Al Labban speaking at the EMET forum in Bahrain

Al Labban speaking at the EMET forum in Bahrain

Mideast ethylene potential high

01 November 2014

ALREADY accounting for nearly 20 per cent of the global ethylene capacity against 12 per cent five years ago, the Middle East, now the third largest region for ethylene production, is on a further growth path with ample opportunities for regional businessmen to capitalise on the vast capacity, remarked Sadara Chemical Company chief executive Ziad Al Labban.

He was speaking at the Ethylene Middle East Technology 2014 (EMET) Forum in Bahrain, where he was chairman of its advisory committee. 

“By capitalising on the abundance of natural resources, cost-effective feedstock pricing, strong regulatory and industrial infrastructure and close proximity to markets with growing demand for our products, we see plenty of opportunity to not only further develop the chemicals industry, but also to specifically diversify Saudi Arabia’s role in it,” said Al Labban.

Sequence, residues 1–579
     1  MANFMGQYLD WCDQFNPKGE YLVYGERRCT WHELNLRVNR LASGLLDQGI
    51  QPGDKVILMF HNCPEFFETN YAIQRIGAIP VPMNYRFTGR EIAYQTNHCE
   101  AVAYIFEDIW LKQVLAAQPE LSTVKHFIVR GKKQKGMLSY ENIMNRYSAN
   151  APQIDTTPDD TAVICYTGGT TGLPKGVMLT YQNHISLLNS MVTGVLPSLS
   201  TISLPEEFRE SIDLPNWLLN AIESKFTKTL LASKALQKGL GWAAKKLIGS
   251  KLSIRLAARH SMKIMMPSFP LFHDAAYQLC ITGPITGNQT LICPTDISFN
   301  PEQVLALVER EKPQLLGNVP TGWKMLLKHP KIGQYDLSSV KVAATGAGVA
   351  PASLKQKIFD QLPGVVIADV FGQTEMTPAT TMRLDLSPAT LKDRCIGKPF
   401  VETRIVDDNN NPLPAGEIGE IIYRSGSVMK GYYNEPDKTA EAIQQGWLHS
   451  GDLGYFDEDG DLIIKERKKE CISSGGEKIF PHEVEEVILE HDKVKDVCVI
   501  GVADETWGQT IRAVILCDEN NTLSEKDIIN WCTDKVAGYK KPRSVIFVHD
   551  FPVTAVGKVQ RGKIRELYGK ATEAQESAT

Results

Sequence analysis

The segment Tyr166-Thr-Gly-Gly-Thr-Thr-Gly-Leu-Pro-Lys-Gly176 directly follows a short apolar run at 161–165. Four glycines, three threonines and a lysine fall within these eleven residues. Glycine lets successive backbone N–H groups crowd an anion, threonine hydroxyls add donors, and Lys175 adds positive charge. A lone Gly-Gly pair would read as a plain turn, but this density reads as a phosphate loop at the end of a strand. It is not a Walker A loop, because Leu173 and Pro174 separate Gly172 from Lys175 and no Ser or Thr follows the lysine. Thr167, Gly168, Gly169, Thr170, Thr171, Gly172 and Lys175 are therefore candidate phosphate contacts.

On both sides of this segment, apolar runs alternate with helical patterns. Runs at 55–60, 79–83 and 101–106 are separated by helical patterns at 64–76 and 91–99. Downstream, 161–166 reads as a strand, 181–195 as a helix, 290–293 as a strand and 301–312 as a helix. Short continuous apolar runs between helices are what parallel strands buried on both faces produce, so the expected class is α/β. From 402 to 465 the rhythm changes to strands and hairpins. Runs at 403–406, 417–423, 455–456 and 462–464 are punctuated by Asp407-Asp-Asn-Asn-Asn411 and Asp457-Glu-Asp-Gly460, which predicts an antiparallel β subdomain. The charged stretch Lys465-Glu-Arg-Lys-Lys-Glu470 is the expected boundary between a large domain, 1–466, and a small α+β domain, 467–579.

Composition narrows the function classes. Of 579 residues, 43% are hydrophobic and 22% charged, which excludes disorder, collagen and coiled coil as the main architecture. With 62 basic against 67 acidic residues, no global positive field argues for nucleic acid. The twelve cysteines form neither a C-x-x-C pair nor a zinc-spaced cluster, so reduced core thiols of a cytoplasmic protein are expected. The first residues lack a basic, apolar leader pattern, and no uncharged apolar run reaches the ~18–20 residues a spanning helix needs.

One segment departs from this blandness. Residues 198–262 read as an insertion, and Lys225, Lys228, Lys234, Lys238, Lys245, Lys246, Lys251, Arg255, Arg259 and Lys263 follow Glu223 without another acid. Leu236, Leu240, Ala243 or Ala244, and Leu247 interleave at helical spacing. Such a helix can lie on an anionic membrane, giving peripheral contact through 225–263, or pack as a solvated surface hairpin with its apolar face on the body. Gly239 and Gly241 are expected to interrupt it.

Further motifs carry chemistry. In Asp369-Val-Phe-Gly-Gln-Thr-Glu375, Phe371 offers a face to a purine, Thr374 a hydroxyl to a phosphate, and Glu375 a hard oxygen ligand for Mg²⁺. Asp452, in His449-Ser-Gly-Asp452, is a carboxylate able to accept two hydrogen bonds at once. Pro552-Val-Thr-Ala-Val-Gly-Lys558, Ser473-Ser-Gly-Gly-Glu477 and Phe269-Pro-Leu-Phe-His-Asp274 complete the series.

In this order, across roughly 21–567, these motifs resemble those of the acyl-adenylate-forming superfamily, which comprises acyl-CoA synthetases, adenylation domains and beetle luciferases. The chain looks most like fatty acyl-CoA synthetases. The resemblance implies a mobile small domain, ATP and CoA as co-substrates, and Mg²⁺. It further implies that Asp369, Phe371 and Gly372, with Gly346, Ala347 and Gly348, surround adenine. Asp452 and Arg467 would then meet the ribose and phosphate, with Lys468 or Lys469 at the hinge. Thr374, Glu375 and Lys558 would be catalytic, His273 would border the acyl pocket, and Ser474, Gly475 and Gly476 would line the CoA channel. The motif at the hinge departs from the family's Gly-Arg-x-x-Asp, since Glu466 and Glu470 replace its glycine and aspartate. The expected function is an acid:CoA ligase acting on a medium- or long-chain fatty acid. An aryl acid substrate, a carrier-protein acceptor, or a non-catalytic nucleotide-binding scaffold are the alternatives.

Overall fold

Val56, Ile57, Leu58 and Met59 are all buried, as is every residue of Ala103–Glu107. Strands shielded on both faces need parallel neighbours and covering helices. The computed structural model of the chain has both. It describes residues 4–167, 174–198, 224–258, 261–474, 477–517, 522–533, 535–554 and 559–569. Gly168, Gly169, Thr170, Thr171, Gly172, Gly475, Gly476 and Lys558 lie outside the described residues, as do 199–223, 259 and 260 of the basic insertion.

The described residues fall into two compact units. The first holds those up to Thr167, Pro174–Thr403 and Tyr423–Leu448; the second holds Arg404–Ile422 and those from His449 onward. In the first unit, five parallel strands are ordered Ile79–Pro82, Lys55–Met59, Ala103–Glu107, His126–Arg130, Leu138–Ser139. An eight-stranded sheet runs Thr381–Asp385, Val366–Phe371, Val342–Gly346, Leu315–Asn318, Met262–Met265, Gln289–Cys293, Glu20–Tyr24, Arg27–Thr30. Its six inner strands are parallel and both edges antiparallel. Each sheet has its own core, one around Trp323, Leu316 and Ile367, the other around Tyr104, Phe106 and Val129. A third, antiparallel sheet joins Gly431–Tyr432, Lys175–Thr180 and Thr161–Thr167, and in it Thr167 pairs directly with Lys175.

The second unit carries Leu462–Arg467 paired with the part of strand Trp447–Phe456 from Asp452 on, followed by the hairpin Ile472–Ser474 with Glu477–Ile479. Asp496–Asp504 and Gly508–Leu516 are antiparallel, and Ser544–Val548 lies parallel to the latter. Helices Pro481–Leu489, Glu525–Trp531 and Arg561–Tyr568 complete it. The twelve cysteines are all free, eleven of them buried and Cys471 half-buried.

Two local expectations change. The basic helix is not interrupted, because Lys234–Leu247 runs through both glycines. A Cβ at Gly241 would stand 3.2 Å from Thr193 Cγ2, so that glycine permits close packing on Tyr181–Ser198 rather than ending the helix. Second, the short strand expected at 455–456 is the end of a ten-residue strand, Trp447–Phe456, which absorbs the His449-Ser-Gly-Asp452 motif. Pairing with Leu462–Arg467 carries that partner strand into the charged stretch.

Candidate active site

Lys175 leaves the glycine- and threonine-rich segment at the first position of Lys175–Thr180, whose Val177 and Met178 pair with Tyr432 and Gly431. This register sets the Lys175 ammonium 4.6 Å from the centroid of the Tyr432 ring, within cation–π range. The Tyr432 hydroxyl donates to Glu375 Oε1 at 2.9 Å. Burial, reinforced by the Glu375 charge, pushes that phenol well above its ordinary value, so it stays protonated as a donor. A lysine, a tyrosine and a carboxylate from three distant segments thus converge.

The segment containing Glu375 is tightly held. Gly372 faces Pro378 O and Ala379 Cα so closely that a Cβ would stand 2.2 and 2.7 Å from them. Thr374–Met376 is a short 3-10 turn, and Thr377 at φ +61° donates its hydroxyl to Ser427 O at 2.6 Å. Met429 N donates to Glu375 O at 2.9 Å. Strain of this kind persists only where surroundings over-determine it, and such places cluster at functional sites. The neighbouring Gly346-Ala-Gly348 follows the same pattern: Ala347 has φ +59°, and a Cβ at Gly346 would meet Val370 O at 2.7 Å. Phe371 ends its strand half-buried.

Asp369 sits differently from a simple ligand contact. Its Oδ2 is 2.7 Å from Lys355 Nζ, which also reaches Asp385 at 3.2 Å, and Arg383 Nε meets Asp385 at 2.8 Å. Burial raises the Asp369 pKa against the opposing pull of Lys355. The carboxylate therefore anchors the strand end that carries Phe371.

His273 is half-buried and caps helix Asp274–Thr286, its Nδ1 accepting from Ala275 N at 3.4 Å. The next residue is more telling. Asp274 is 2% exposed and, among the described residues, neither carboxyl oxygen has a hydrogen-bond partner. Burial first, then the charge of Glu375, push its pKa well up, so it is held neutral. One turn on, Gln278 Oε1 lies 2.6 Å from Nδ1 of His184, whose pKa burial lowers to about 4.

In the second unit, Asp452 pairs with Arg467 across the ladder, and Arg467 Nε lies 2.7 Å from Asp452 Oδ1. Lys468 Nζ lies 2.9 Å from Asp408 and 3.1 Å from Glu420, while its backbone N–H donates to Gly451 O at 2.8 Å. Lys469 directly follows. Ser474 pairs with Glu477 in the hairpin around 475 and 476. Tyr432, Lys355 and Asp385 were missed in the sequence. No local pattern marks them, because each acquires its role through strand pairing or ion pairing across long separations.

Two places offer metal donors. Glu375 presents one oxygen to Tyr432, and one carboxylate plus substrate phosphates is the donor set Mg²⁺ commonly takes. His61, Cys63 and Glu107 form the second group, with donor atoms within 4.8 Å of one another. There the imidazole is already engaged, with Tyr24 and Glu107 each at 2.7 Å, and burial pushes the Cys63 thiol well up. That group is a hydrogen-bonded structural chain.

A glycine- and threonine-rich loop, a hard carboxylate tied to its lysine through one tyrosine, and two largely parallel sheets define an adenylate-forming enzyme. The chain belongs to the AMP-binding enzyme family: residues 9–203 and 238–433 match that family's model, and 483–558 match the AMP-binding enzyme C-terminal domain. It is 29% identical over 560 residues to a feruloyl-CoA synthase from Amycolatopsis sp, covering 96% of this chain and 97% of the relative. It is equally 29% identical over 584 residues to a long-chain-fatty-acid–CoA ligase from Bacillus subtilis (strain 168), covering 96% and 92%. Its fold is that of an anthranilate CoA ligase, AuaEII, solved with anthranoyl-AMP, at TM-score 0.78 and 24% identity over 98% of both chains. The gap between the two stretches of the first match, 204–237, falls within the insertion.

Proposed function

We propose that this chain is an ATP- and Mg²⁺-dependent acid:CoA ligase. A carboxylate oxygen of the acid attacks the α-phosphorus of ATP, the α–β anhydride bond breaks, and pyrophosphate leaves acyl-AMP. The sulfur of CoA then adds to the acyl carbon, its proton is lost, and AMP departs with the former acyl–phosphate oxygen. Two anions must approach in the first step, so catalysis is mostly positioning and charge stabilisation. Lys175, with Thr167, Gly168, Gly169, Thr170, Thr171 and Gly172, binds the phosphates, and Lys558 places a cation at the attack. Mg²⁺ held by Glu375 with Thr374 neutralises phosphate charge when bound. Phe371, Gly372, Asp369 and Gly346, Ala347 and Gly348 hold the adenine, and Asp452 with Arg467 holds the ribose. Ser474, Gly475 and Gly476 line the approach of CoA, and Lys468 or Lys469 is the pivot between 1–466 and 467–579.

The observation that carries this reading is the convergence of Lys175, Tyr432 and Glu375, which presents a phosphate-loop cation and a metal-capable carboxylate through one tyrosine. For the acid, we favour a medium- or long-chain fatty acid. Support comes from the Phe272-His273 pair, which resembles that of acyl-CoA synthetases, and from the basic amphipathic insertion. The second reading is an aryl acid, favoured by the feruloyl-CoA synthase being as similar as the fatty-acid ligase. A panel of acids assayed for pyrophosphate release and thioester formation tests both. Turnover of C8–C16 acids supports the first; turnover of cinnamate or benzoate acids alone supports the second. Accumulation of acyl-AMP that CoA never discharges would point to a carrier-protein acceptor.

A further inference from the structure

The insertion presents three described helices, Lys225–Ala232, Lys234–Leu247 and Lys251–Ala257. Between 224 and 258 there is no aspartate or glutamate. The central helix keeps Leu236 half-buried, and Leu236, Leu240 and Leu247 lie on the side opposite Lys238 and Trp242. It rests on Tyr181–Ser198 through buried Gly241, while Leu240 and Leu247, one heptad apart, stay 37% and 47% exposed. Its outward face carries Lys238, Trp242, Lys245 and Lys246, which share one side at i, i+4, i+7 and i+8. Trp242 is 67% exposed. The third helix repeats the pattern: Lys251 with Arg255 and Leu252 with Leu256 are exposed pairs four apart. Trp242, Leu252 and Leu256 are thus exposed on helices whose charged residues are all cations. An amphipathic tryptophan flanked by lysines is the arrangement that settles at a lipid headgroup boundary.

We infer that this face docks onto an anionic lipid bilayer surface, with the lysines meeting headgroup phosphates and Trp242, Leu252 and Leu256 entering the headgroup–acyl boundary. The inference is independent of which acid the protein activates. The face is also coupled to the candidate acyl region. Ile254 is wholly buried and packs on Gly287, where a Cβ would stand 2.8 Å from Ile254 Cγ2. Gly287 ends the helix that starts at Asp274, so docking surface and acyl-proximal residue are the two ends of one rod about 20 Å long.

“The Middle East, specifically the GCC region, has many unique attributes that combine to make it the perfect hub of the global petrochemical industry. This conference has provided the petrochemical industry players including producers, service providers and customers with the perfect opportunity to meet, learn and collaborate to create future value in the ethylene industry,” noted Al Labban.

Sadara, a $20 billion joint venture between Saudi Aramco and The Dow Chemical, is constructing in Jubail Industrial City the world’s largest chemical complex ever built in a single phase with 26 integrated world-scale manufacturing plants that will produce more than three million tonnes of products every year.

Several other Sadara experts participated as speakers at the forum. They included David Bronikowski, process engineering supervisor – hydrocarbons and energy, and Vishal Karate, process engineer, mix feed cracker – hydrocarbons and energy.

The forum brought together more than 450 ethylene players from around the world.

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